Harvestella has been on my watchlist since the game’s announcement in June. Combining the genres of life sim and RPG isn’t a new concept. In fact, it’s an idea that’s been tried even in the DS era of gaming. However, Harvestella manages to stand out in an otherwise crowded space.
The first aspect that draws the eye is the world that the player character, Ein, inhabits, vividly colored while keeping the feeling of Square Enix’s flagship series, Final Fantasy. Crystals jut out from the earth almost everywhere you look. In addition, character designs are reminiscent of other spin-off titles, which feel familiar even when new concepts will rapidly make themselves known.
The central concept of farming has a unique identity despite the base mechanics being familiar with the genre. For example, vegetables grow surprisingly fast as most crops take only a day or two before they’re ready to harvest, then shipped out. This speed of growth helps ensures that players will quickly be able to start a flow of cash early on.
Of course, farming isn’t the only thing players will find themselves doing, as exploring dungeons requires facing powerful monsters. The combat feels fresh with skill trees for each class, letting players progress in their favorite classes, while leveling up will increase Ein’s overall stats.
The downside is that combat still hinges on pressing a single button while mixing in a skill every so often. Even job-switching mechanics didn’t help, as all that feels different between Mage and Fighter is the speed of the attacks and range. Additionally, separating classes means that if the fighter unlocks the dodge, the mage class won’t have access to that skill.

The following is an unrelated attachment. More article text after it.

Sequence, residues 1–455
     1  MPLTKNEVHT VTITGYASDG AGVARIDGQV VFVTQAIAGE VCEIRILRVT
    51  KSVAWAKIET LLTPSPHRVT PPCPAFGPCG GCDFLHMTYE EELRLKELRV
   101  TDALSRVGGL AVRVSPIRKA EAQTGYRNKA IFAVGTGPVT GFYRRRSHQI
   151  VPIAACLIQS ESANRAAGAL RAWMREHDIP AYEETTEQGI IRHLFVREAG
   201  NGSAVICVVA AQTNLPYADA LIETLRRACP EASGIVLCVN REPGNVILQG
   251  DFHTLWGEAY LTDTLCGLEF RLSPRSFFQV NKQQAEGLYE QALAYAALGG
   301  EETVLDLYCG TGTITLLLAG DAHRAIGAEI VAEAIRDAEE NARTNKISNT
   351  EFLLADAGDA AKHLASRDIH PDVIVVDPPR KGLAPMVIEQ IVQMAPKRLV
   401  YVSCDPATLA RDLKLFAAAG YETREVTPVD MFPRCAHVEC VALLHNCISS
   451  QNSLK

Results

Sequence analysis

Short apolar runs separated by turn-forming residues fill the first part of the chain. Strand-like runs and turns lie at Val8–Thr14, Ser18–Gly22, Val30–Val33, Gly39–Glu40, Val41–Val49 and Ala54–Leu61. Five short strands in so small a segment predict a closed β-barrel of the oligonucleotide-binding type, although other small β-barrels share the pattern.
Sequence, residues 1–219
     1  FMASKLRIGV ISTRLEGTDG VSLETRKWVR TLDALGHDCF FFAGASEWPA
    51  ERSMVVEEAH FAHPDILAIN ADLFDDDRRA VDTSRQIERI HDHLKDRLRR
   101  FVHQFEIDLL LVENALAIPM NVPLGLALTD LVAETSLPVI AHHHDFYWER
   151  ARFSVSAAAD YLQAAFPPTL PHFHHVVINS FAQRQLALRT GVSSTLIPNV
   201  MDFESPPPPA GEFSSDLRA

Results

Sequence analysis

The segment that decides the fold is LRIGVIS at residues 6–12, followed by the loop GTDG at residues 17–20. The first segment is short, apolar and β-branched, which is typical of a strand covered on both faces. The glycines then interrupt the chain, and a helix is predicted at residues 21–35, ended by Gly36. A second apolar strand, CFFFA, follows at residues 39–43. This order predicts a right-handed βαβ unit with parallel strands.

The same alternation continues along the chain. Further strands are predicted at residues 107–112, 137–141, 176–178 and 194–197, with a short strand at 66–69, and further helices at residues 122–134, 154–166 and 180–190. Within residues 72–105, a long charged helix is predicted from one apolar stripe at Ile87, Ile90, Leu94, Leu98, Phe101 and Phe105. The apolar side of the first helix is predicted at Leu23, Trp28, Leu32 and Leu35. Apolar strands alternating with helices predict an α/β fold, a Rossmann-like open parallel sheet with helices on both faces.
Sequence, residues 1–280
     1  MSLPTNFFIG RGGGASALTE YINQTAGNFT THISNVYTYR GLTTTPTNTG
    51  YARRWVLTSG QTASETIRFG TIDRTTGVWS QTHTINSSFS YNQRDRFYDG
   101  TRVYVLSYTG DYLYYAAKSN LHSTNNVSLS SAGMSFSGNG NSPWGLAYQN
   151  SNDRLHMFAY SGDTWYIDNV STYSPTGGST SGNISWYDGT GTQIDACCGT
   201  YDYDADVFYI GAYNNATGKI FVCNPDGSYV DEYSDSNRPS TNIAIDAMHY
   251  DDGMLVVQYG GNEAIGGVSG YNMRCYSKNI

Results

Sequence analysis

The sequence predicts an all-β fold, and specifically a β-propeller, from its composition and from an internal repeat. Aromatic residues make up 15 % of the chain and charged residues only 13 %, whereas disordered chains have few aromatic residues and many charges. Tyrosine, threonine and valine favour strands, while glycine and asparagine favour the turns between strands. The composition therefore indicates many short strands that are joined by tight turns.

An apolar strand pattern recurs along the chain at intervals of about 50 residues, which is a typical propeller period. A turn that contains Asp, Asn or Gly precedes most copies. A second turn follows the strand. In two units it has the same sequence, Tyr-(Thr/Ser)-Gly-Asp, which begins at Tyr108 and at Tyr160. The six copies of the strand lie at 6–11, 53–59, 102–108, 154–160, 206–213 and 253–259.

The ability to mix and match skills and classes would have added a layer of customization and an incentive to try out every class. Another trait I noticed is that most of the townsfolk act like traditional NPCs. They sit around in the same spot with the same few dialogue options.
This reduction of the townsfolk makes Harvestella feel much closer to an Action-RPG than the average life sim. Throughout the demo, I could never give gifts or check the calendar to see events. This could have been done to avoid spoilers in the early game, but the social aspect is a massive draw of life-sim titles that Harvestella might not be focusing on.
The story seems to have replaced the social aspect of life sims, focusing on defeating Quietus, a season between seasons where all life withers away. Add in a mysterious girl found in a crystal spaceship, amnesia, and possible time travel. Harvestella promises a story to rival any of Square Enix’s other titles.
Fans of both JRPGs and Life sims will be able to find something in Harvestella that will keep them coming back. Whether it’s farming, the story, or combat, the mixture of the three is so well blended that players will have difficulty putting down their Switch. I was already excited about Harvestella, and playing this demo, despite the issues, has me even more excited for the full release on November 4, 2022.
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